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Obadiah Rich (attr.) 6-piece Antique Coin Silver Coffee and Tea Service, retailed by Lows, Ball & Company, Boston, MA, c. 1840s

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This wonderful service is a rare example of early American silver from Boston. It is of exceptional craftsmanship, quality, and weight. It consists of a large coffee pot, teapot, creamer, covered sugar bowl, waste bowl, and a rare hot milk pot. The hot milk pot was matched to the service and is practically identical with subtle differences to the handle, engraving, and finial.

The rare tapering octagonal paneled form from the 1840s is one of our favorite styles of the 19th century. Referred to as the 'octagonal' style when made, it was the most expensive style available at the time due to the hard work involved in crafting the shaped body and parts. On applied stepped octagonal feet, the octagonal bodies rise to molded rims. The stepped covers, also of octagonal panels, feature dynamic 18th century inspired octagonal finials. Flat surfaces are extremely difficult for silversmiths to execute and this service is a testament to exceptional silversmithing skills. 

Not only are the individual pieces classical and elegant, but the decoration is also outstanding. Each panel is beautifully hand-engraved with floral and foliate swirls and scrolls. The various vignettes depict castles, Asian figures, a pelican, a gentleman riding a horse, etc. Even the shaped handles and spouts are decorated. The spout opening on the hot milk is shaped like a heart.

Obadiah Rich was the most important silversmith working in Boston from 1825-50, and his work can be found in important museum collections. Unfortunately, Rich marked little of his work but sold most of it through other retailers. This rare set was sold by Lows, Ball & Co. and the hot milk pot was retailed by Jones, Ball & Poor, predecessor firms to the venerable Boston jeweler Shreve, Crump & Low. Rich's most important commissions came from these firms.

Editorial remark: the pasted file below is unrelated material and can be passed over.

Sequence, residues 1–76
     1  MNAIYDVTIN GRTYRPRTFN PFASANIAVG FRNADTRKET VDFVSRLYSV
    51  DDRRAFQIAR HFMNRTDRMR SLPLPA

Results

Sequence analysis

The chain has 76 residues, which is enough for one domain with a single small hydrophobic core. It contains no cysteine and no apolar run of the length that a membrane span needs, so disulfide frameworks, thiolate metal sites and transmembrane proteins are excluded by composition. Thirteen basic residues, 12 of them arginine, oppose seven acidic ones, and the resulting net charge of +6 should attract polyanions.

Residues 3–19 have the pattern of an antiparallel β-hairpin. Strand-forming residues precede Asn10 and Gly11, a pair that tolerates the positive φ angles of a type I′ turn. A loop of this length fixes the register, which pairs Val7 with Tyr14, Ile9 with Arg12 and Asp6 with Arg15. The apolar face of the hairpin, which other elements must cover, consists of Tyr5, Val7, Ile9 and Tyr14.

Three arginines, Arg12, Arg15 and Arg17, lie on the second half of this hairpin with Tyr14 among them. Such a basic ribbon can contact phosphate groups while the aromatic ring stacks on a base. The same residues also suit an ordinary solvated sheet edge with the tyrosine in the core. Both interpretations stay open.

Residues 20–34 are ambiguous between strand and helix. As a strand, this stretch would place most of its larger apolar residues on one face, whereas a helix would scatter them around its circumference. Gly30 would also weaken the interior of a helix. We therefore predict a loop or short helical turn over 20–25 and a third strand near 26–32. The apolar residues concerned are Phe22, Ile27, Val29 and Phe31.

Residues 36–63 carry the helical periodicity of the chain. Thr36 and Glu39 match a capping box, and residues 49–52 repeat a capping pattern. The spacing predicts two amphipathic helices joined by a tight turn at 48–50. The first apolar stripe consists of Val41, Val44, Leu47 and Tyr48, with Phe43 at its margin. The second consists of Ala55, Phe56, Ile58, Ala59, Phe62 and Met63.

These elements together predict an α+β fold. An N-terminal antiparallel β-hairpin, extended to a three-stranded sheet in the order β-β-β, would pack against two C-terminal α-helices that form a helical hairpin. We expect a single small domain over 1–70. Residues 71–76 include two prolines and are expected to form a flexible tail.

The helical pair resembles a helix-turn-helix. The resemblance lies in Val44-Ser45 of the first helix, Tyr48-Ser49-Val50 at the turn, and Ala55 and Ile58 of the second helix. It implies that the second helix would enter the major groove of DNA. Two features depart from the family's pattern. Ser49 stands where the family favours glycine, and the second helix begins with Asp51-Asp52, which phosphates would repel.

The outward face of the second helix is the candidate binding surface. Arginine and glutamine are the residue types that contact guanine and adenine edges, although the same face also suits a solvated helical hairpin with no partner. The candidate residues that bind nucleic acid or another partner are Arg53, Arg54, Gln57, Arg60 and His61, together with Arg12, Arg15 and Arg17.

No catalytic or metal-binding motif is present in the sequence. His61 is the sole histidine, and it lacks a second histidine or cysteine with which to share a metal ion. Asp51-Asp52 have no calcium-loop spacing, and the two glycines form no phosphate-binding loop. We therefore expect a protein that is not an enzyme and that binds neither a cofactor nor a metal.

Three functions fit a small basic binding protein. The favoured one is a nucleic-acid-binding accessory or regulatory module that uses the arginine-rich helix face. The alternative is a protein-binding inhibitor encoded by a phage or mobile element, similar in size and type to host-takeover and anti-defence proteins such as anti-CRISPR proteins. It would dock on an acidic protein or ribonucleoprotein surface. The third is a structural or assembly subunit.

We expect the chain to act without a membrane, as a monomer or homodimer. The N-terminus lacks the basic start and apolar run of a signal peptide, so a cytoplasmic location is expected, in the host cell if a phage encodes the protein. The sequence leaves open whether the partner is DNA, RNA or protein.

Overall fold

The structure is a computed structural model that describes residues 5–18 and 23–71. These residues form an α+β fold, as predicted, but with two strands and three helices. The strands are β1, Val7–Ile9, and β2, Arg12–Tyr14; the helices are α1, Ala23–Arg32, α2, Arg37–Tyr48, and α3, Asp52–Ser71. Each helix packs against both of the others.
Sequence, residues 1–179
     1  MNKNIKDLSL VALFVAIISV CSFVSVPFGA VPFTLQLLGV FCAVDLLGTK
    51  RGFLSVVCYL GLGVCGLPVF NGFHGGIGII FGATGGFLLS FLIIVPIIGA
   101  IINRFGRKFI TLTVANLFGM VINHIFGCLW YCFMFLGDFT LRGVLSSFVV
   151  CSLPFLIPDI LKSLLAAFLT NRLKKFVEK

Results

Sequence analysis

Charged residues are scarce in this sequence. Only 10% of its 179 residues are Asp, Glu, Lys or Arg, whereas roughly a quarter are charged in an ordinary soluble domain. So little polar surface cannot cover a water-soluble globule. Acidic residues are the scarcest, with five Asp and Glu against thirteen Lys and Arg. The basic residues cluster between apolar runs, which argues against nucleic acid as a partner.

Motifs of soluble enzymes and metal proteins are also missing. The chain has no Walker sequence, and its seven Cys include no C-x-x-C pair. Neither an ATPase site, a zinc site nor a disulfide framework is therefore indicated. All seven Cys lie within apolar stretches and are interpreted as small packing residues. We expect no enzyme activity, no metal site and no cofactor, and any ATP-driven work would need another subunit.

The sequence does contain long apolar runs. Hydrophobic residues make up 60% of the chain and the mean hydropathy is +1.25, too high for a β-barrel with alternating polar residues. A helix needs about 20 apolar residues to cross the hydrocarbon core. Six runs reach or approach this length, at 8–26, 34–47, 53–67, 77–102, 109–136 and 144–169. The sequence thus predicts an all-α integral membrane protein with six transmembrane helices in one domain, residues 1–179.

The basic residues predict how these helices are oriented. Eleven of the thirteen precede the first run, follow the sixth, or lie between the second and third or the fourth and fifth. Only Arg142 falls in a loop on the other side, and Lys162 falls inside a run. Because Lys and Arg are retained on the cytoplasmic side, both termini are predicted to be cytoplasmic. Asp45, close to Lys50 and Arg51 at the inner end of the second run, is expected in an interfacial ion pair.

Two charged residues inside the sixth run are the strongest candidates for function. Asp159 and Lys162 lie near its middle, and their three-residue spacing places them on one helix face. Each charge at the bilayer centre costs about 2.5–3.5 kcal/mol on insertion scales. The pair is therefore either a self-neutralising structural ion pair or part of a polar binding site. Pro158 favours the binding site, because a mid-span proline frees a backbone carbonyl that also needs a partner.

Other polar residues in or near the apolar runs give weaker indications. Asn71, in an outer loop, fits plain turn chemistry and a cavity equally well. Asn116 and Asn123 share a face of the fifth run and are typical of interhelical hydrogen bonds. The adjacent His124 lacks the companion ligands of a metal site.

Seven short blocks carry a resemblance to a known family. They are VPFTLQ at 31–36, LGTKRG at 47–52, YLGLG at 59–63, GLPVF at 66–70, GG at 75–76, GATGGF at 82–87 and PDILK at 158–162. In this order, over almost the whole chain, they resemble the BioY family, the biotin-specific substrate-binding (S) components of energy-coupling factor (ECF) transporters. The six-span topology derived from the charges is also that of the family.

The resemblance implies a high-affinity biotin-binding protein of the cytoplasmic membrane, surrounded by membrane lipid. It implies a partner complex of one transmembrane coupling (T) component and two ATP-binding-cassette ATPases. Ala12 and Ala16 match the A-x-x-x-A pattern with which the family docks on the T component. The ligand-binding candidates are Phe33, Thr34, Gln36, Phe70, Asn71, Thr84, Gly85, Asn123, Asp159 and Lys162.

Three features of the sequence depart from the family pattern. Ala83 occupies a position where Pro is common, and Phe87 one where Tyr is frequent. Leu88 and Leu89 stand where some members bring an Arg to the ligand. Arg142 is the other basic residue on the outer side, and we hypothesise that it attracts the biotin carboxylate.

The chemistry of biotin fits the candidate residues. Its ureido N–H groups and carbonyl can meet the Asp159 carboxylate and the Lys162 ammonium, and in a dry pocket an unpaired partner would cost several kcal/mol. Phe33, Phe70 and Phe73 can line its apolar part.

The matched milk pot is signed by Woodward & Grosjean another important Boston firm. Marked pieces by Woodward & Grosjean are also quite rare. About 1850 they moved to New York City, re-branded as Grosjean & Woodward, to become one of Charles Tiffany's principal suppliers before Tiffany & Co. made their own silver.  

All of the pieces are monogrammed on one side in a cursive style 'MSF' for Mary S. French, and the hot milk pot is engraved with an 'F.'

Provenance: Mary S. French was the wife of Benjamin F. French of Lowell, MA. The service was left to their niece Rebecca French Read, and it has descended in the family.

Benjamin French was one of the early Lowell industrialists and involved in the textile and railroad industries as well as banking. His 1853 estate was valued at just over $100,000.00, and the inventory includes "1 Tea Sett 5 pieces" valued at $400.00 and a covered pitcher valued at $50.00. 

Four hundred and fifty dollars was a significant sum. At the time, a good riding horse, one of the most important things someone could own, cost between $100.00 and $150.00. The Frenchs owned a second smaller house on Charles Street in downtown Lowell valued at $800.00. This set was worth over half the value of that house.      

All of the pieces are marked 'LOWS, BALL & COMPANY/ Fine.'. The hot milk pitcher is marked 'W&G/ JONES, BALL & POOR/ PURE COIN/ BOSTON.' The coffee pot measures 9.5 inches across the spout and handle by 8.75 inches high and weighs an impressive 29.65 troy ounces. The total weight of the service is 110.9 troy ounces, and it is in excellent antique condition with original wood insulators and exquisite engraving.